9. The invention according to claim 7 wherein each of said sealing segments has an arcuate track and wherein a slideable block is disposed in said track, each slideable block being engaged by one of said radially extending rods.
BACKGROUND OF THE INVENTION
1. Field of the Invention
This invention relates to axial flow rotary machines, and more particularly to outer air seals circumscribing the blade tips of a rotor stage.
2. Description of the Prior Art
Gas turbine engines are illustrative of rotary machines in which the inventive concepts may be employed. In a gas turbine engine working medium gases are compressed by a first series of rotor mounted blades in the compression section and are flowed axially downstream to a combustion section. Fuel is combined with the compressed gases and burned in the combustion section to add thermal energy to the flowing medium. Downstream of the combustion section the gases are flowed across a second series of rotor mounted blades in the turbine section. Energy extracted from the medium by the second series of rotor blades is utilized to drive the blades of the compression section. The blades of both the compression and turbine sections are arranged in stages, or rows. The tips of the blades in each row are circumscribed by an outer air seal.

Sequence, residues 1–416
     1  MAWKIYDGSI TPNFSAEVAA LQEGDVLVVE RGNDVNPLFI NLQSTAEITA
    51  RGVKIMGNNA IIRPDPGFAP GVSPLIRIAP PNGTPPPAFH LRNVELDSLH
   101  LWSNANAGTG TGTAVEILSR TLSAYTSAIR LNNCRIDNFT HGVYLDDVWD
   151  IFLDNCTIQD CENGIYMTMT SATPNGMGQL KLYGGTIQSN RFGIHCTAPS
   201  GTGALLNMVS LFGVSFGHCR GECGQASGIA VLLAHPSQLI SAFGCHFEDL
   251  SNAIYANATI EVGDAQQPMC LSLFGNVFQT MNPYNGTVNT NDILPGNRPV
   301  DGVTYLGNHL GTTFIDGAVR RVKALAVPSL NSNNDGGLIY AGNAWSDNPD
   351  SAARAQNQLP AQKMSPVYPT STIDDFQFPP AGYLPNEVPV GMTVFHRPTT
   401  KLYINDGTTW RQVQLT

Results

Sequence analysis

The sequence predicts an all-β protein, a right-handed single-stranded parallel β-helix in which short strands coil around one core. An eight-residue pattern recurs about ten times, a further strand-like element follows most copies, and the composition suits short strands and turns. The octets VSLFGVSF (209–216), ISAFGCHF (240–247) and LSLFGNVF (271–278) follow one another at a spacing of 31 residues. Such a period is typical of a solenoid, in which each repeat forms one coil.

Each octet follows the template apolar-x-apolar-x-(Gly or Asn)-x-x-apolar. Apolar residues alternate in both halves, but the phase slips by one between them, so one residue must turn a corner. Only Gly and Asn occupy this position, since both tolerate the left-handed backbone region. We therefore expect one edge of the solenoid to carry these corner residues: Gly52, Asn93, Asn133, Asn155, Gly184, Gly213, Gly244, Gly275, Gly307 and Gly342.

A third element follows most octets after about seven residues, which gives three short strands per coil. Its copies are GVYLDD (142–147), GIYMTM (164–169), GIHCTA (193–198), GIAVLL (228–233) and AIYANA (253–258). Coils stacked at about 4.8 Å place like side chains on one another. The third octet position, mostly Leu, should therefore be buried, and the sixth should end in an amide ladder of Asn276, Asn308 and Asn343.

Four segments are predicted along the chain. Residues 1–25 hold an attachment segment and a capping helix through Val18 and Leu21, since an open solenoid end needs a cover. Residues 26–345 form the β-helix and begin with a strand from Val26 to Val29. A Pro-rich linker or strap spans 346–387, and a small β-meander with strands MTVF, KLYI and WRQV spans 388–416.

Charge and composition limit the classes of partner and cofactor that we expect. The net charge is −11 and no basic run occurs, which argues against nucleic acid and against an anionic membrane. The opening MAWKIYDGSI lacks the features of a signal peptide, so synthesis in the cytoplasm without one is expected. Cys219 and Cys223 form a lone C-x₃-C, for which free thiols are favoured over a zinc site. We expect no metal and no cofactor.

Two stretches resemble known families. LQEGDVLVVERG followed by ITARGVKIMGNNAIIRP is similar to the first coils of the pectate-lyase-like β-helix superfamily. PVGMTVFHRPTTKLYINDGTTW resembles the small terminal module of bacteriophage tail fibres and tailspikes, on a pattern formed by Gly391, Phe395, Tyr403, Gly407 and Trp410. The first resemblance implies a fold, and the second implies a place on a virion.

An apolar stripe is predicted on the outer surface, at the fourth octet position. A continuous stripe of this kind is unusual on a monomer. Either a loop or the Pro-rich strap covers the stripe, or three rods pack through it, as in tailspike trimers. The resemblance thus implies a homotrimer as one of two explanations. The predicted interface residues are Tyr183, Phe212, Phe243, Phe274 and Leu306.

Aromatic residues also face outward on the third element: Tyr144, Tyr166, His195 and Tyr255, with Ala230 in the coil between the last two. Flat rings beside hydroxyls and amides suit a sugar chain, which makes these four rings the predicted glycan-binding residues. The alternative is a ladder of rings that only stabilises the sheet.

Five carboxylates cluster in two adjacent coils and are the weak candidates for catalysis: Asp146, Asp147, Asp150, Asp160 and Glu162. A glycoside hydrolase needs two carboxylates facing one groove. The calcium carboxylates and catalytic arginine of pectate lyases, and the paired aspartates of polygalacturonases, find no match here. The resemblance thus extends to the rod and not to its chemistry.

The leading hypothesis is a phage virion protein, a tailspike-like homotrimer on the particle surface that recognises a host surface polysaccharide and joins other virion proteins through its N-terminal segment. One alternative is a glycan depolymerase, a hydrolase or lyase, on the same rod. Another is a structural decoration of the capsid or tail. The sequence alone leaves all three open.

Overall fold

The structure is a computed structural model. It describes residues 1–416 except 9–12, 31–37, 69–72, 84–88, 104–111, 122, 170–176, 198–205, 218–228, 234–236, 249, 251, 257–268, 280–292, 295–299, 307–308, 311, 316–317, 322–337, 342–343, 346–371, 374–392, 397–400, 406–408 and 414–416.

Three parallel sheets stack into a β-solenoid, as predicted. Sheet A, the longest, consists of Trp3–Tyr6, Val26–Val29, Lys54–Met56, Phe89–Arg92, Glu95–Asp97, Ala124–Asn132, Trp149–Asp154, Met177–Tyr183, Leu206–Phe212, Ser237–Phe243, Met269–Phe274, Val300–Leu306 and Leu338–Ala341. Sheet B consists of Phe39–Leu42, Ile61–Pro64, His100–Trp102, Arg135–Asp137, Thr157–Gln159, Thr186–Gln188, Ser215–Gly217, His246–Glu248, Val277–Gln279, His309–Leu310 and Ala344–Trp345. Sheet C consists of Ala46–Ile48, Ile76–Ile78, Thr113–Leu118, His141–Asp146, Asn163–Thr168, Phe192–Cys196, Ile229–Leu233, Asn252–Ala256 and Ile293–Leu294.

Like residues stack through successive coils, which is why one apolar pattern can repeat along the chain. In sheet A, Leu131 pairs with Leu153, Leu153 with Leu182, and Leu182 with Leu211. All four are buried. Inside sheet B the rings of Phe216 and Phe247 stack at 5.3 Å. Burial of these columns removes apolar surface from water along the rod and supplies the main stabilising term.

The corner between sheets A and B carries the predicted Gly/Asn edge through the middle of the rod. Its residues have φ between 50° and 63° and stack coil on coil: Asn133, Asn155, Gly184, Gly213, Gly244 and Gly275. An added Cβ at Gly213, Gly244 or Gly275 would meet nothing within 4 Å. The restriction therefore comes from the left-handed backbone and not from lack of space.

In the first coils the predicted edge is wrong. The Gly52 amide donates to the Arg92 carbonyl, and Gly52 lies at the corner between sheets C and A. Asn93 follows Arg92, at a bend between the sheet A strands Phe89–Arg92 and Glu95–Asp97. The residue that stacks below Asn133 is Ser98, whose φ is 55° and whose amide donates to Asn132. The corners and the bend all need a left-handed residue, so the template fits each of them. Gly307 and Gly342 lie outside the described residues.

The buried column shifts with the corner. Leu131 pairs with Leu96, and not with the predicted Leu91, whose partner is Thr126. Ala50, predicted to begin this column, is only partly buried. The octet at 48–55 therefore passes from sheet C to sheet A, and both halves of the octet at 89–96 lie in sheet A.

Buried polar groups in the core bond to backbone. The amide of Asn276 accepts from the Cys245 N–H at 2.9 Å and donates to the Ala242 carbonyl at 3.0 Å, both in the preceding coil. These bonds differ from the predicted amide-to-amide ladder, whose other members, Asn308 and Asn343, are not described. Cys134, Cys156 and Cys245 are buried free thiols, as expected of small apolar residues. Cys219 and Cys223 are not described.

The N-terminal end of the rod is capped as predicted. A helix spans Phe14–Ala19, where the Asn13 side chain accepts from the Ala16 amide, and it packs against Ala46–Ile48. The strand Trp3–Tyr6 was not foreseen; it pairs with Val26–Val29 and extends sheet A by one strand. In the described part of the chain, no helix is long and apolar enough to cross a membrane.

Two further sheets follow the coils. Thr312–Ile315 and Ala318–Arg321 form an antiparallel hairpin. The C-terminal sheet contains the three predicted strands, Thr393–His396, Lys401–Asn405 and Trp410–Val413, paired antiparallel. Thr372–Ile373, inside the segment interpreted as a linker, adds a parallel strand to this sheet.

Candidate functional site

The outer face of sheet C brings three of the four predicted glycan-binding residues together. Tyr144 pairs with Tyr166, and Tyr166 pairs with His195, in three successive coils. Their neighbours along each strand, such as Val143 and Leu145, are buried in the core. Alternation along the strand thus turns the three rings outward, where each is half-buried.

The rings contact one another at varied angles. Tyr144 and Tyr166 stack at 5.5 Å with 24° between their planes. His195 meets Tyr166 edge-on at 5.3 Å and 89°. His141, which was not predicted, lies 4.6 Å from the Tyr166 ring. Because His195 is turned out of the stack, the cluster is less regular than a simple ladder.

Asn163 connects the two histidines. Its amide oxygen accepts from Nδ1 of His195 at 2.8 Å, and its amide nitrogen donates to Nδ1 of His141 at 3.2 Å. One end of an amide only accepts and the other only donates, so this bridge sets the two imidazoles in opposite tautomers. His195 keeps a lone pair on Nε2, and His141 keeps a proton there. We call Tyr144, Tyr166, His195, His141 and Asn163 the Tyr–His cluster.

Aerodynamic performance within the engine is largely dependent upon the radial clearance between the outer air seal and the circumscribed blade tips. Even the slightest clearance degrades performance as the working medium gases escape over the tips of the blades. The problem is particularly severe in high temperature machines having radical thermal fluctuations over the operating range of the machine. The blades of the rotor respond immediately to changes in the temperature of the working medium gases. The conventional outer air seal responds much more slowly to these changes. Substantial initial clearances are provided between the tips of the rotor blades and the outer air seals to protect the respective structures from destructive interference during transient thermal conditions.
As the machine reaches thermal equilibrium the outer air seals tend to grow away from the rotor blade tips to a clearance which is on the same order of magnitude as the initial clearance discussed above. Past efforts for reducing clearances have primarily included elaborate case cooling systems for reducing the steady state temperature of the structure supporting the outer air seal. Reducing the temperature of the supporting structure limits the outward radial growth of the seal beyond the diameter required for transient clearance. An effective reduction in tip clearance results, although not without a substantial diversion of the working medium gases for case cooling. U.S. Pat. No. 3,583,824 to Smuland et al entitled "Temperature Controlled Shroud and Shroud Support" is representative of outer air seal structures employing cooling techniques.